... it almost seems to me as if the Republicans can't be taken all too seriously anymore...

To be fair, it has been hard to take the Republicans seriously ever since they welcomed in Southern Democrats after they had been expelled from their own party. It is a crime against history that Blacks should vote "Democrat" to any significant extent, but the Democrats are the ones who showed that they are trustworthy so things must be as they are. The Republicans have failed time and time again to regain what they lost then, including a degree of seriousness.

The Conservatives have more strength and power to act, but their ideas sometimes lack proper foresight; the Liberals have some grand and altruistic ideas, but lack the ability to put them into effect.
...
Should we all have a say in how we are governed?

I'm curious as to if you've ever read much by G.K. Chesterton? I've been reading his "Orthodoxy" lately and two things he said strike me as possibly being of interest to you:

The first is something along the lines of "Government is like blowing one's nose. Even if a man does it badly, we want him to do it himself." Unfortunately, I can't find the specific passage right now.

The second is "The business of Progressives is to go on making mistakes. The business of the Conservatives is to prevent the mistakes from being corrected."

Anywho, just something to share.

After all, the election of doctors is not made by the people, nor is the advancement of academics.

Alas, medicine and academics might do well if it was more beholden to the mob, not less. The University has become a place to obscure truth, rather than reveal it, and often the people we trust to heal us when we are most vulnerable are the people who couldn't be bothered to attend their own classes in medical school. Yet even at the best, a Professor and a Doctor are mere servants. Valuable servants, true, but we must remember that they serve the people, the people do not serve them.

What a tyrant! Because the Tyrants of the old states.... what were they but aristocrats who championed the cause of the people against their fellow aristocrats? They were champions of the people, and as such we may well call some demagogue a tyrant in a very similar manner.

Come now, you know better than that. A tyrant was someone who came to power in a non-traditional way, the status wasn't dependent of popular support (it just happened to usually, but not always, coincide).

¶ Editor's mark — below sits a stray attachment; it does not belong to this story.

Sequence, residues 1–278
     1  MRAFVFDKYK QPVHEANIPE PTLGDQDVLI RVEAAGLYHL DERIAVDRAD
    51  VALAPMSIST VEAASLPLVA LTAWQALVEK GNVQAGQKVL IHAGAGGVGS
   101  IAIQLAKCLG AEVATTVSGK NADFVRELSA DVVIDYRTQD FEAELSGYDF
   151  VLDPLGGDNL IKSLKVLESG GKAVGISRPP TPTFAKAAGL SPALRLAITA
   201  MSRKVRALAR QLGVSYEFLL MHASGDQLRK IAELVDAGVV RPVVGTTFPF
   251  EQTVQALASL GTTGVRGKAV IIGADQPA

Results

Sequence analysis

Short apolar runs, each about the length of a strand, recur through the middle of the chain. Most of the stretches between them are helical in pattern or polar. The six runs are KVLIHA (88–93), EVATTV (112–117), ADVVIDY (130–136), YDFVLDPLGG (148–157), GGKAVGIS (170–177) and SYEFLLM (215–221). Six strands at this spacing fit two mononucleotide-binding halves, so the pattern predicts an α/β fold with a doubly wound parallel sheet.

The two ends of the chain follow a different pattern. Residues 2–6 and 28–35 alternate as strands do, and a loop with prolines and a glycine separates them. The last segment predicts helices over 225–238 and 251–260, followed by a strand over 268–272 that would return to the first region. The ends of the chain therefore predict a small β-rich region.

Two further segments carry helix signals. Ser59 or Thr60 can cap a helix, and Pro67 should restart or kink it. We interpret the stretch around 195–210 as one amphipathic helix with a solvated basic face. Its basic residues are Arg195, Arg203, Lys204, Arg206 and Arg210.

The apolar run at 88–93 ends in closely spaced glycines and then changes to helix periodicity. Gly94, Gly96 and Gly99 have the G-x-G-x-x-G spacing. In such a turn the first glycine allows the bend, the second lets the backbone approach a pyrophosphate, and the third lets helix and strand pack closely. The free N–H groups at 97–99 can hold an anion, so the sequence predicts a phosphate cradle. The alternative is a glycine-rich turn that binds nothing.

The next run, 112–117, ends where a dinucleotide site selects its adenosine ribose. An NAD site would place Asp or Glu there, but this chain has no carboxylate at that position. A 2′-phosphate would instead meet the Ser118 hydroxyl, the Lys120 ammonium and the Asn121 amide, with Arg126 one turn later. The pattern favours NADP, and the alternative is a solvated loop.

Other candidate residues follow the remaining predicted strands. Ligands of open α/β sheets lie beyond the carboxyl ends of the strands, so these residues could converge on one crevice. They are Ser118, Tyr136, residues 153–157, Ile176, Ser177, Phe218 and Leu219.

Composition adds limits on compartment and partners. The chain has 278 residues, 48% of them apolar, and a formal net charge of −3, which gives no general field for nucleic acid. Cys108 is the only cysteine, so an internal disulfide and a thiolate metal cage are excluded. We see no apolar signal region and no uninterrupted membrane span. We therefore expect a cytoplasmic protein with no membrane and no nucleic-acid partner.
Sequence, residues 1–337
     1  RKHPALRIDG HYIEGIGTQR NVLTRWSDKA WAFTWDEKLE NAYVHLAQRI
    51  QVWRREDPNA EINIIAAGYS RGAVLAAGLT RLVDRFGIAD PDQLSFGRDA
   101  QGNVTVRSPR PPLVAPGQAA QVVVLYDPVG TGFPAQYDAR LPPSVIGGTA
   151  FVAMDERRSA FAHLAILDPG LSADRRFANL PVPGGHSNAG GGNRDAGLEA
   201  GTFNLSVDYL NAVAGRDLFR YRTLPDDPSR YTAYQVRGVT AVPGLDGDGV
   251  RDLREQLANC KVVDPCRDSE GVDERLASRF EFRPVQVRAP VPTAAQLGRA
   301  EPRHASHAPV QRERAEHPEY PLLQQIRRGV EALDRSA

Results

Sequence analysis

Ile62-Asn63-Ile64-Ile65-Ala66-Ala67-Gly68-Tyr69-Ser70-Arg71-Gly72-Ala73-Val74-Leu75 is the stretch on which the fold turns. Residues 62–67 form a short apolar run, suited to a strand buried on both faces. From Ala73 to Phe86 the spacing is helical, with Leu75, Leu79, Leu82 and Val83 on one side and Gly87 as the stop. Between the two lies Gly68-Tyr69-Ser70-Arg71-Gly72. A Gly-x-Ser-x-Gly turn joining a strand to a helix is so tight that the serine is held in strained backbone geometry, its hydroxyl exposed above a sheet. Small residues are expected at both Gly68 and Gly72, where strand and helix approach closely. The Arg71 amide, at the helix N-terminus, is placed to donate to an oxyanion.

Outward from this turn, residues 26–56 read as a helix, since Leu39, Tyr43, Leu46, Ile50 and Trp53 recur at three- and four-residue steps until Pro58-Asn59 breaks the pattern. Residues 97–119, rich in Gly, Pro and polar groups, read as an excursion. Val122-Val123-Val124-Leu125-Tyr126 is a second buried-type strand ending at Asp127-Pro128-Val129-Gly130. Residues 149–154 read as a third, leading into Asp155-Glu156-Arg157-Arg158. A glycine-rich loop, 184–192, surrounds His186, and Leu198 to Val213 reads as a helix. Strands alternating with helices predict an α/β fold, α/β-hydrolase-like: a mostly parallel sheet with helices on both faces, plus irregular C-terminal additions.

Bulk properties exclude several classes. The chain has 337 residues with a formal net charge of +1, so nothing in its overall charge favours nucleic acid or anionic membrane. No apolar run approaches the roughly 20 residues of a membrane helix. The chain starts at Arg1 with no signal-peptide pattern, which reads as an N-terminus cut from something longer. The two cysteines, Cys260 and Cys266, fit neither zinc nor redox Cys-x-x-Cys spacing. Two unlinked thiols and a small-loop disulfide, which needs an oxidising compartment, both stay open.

Or how of this, the very undemocratic reaction of the North to the states that wished to leave the Union? Did they not have the right to leave if they wished?

That is the problem of democracy, actually. In a democracy, one will not always get one's way. But if one leaves merely because one is unwilling to suffer the voice of the majority, the people-group that uses democracy cannot long endure. 40% of the population is lost here, another 30% is lost there, until we are left with two humans, a third having just left, who claim that they are a democracy. So perhaps on one hand it was undemocratic to force the South to stay in the Union, but the very act of leaving the Union under those circumstances was undemocratic in the first place. "My way or the highway" is a phrase that ought not be uttered in a democracy; in that regard it is very restricted. But if a freedom must be restricted, then it is very fine to restrict the freedom to reject democracy. We are hypocrites insofar as we claim that we are absolutely free, but if we merely claim to be the freest (or more free than others)...

Radical_Dreamer

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Re: Presidental Vote
« Reply #27 on: October 01, 2008, 02:28:50 pm »
Yet even at the best, a Professor and a Doctor are mere servants. Valuable servants, true, but we must remember that they serve the people, the people do not serve them.

People too often forget that this is the case with elected officials as well. It is tragic that people so readily confound "public servant" with "leader". Those we elect are our least loyal servants, and it's time we started treating them as such.

ZealKnight

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Re: Presidental Vote
« Reply #28 on: October 04, 2008, 11:15:33 pm »
To be honest I don't like either. Obama is going to make me pay for the health care of people who are to lazy to do good in high school so they can't get into a decent college to get a decent job. I work for my money and to pay my health bills, not to pay someone who refuses to try. And McCain wants to stay in war like he gets some sexual pleasure out of it and I refuse to pay for death of people who don't deserve it, especially our troops. But I give it to Obama because McCain will die in office and we don't need Alaska's(one of the most corrupt states) Governor to corrupt the last non-corrupt part of our government.

Thought

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Re: Presidental Vote
« Reply #29 on: October 05, 2008, 07:30:59 pm »
But I give it to Obama because McCain will die in office and we don't need Alaska's(one of the most corrupt states) Governor to corrupt the last non-corrupt part of our government.

She's going to be the Postmaster General?